Three years ago, the Alaska National Guard dominated headlines and an election campaign for governor with reports of rape, drug dealing and fraud. Now we read instead about Guard members deploying overseas, rescuing lost Alaskans and responding to floods and other emergencies.
Maj. Gen. Laurie Hummel took over the 4,400-member organization and installed new leadership in its divisions, whose diverse specialties include warfare, disaster planning, homeland security, veteran assistance and even teen education.
And she tried to change the Guard's culture.
Hummel makes that sound simple. She is military through and through. She said her solution was mission, rules and training.
But not just any training. The Guard is training on ethics.
Hummel sent officers and enlisted personnel to ethics conferences and had the Alaska Guard develop its own curriculum on character and ethical fitness. She said ethical fitness is as important to readiness as physical fitness.
Hummel said she doesn't know what was happening before her tenure. She read the reports like everyone else.
But when she arrived in command, she found a key piece of evidence of the problems. Little had been documented about how senior officers did their jobs.
Hummel said military rules and procedures limit the arbitrary power of superiors, and that gives autonomy to the people under them. She said adhering to military doctrine frees soldiers to do their jobs.
"We have doctrine that tells us what is the right way," she said. "You don't have to constantly reinvent the rules. You don't have to sit around and say, 'I wonder if we should do X?' "
Without clear procedures for hiring, Hummel said, former leaders at the Guard were able to surround themselves with friends rather than the most qualified officers. That powerful insider club became a source of problems and impunity.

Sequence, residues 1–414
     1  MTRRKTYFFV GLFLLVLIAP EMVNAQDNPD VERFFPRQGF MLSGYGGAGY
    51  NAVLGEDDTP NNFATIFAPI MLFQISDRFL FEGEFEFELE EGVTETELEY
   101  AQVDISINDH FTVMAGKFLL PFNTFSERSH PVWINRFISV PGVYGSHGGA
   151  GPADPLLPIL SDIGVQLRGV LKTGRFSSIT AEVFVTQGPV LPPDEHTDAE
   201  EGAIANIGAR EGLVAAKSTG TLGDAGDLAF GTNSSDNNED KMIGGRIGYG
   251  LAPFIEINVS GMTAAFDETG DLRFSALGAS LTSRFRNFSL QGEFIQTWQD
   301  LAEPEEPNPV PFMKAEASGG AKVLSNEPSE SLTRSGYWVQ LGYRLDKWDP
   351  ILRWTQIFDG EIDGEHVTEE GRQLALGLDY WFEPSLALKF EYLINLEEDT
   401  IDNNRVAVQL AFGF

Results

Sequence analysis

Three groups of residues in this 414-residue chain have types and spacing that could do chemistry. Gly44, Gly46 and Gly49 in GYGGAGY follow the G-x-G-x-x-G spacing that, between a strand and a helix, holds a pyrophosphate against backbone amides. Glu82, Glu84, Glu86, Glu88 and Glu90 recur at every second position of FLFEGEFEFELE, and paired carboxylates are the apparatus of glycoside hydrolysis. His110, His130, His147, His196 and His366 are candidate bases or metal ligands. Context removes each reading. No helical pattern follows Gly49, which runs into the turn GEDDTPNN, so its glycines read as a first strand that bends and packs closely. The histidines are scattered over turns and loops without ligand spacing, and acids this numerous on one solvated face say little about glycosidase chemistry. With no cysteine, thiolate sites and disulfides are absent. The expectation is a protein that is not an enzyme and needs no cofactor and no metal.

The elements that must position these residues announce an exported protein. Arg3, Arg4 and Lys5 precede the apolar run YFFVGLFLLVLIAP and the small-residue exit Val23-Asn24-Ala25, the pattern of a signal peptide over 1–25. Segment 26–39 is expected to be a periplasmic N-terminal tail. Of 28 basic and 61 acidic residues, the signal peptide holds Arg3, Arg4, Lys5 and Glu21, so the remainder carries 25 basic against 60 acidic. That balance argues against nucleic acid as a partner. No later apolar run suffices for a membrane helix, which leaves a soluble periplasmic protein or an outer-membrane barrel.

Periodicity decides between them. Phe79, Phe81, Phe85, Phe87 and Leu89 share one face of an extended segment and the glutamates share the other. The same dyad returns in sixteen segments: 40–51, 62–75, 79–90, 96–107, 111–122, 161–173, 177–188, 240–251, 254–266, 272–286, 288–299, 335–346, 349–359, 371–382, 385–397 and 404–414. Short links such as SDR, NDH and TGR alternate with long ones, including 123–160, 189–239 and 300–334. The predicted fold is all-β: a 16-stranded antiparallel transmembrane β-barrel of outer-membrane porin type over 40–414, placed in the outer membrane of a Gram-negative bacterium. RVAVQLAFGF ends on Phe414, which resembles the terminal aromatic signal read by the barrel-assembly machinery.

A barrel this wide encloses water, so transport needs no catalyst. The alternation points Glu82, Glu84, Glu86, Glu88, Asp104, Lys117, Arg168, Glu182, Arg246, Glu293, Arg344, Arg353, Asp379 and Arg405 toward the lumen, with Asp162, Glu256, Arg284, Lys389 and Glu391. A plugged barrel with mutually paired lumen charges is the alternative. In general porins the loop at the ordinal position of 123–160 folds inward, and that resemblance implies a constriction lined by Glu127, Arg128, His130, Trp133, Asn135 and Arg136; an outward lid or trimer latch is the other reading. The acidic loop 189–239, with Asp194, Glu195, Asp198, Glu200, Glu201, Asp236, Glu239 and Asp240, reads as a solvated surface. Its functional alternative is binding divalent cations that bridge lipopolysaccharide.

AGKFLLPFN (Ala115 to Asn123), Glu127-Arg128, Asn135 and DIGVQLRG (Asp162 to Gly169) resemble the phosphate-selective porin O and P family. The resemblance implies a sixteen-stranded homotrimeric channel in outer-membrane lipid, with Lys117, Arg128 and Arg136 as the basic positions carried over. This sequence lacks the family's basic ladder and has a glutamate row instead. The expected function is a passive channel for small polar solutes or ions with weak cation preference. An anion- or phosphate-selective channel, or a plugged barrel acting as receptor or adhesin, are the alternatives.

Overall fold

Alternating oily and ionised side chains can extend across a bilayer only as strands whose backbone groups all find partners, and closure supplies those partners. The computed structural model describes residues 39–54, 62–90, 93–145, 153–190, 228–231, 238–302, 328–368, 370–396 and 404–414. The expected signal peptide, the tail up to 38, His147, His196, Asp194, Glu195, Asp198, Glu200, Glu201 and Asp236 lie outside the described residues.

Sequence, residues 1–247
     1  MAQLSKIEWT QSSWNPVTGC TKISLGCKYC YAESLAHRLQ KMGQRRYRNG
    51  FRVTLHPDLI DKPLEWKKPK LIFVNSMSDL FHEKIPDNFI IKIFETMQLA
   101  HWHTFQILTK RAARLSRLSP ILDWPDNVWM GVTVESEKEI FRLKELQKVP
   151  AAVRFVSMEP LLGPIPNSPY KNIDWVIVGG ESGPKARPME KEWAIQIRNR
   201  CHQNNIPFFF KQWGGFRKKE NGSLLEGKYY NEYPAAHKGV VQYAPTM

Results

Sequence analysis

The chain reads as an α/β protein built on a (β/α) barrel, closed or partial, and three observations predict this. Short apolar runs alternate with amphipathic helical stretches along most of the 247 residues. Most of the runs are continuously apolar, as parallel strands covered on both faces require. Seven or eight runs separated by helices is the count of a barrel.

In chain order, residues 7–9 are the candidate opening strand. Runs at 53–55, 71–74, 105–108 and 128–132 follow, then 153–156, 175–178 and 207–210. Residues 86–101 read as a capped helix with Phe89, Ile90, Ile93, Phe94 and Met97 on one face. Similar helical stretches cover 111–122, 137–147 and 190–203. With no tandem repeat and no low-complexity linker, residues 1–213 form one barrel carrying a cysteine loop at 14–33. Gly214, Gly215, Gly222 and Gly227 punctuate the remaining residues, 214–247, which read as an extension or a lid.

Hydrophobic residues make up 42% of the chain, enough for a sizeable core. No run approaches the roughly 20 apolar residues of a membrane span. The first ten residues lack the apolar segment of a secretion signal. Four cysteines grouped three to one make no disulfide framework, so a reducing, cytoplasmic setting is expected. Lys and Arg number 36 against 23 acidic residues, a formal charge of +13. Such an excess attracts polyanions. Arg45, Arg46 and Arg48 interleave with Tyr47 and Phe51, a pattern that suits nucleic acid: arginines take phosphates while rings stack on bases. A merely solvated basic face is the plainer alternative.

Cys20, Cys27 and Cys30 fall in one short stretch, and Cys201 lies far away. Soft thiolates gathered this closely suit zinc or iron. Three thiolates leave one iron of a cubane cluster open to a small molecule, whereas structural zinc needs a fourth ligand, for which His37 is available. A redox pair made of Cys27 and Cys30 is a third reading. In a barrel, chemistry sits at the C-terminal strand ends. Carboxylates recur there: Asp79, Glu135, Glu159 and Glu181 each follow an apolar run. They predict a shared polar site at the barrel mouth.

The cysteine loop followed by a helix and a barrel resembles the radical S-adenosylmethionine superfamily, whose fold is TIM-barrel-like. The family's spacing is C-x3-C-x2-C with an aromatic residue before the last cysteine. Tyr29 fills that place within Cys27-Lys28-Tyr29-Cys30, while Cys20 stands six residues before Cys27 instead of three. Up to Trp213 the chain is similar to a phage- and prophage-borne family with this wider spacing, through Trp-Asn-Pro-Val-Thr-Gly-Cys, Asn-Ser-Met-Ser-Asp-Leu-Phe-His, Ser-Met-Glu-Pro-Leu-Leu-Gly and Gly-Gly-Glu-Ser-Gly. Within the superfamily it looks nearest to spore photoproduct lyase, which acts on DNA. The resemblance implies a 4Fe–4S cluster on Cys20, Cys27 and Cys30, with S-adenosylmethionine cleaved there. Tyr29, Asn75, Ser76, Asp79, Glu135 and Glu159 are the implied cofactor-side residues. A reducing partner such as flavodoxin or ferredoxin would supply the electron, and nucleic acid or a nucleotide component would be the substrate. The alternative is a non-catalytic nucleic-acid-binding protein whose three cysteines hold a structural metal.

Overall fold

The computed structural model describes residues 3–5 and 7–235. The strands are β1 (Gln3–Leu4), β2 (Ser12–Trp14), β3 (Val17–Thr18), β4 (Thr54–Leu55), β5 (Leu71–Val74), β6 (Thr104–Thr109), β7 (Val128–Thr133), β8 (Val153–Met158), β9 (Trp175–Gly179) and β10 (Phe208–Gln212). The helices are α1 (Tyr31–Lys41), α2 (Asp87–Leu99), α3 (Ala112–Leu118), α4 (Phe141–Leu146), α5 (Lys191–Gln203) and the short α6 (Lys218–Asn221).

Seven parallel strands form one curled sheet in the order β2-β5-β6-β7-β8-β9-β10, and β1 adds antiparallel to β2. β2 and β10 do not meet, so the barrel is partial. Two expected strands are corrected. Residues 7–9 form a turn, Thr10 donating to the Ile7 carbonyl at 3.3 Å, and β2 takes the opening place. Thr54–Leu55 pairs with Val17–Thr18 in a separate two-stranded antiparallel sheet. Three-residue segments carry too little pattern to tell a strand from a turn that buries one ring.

"There was a yoke of oppression, in my opinion, that was over a lot of people, and there were a lot of people with a lot of gifts and talents, but they didn't have the opportunity to flourish," she said.
Lt. Col. Alex Elmore, now Hummel's executive officer, recalled how the Guard's effectiveness suffered during that time.
"There were just a lot of people who were afraid to make a comment or make a decision. It was eggshells. And that made it really hard to have a team effort," he said.
Hummel marked the end of that period with a message to Guard members on January 1, 2016, listing personnel actions related to misconduct detailed in the official investigations. Without giving names, it showed 13 actions ranging from retirement to "other than honorable discharge" for "moral or professional dereliction."
But nothing has come from the criminal allegations. Hummel said she did not know the status or outcome of those investigations.
Hummel started her path at age 7 when she told her father, an Army sergeant, that she wanted to be a soldier like him. He suggested she attend West Point, which at that time didn't admit women and wouldn't admit any for a decade to come.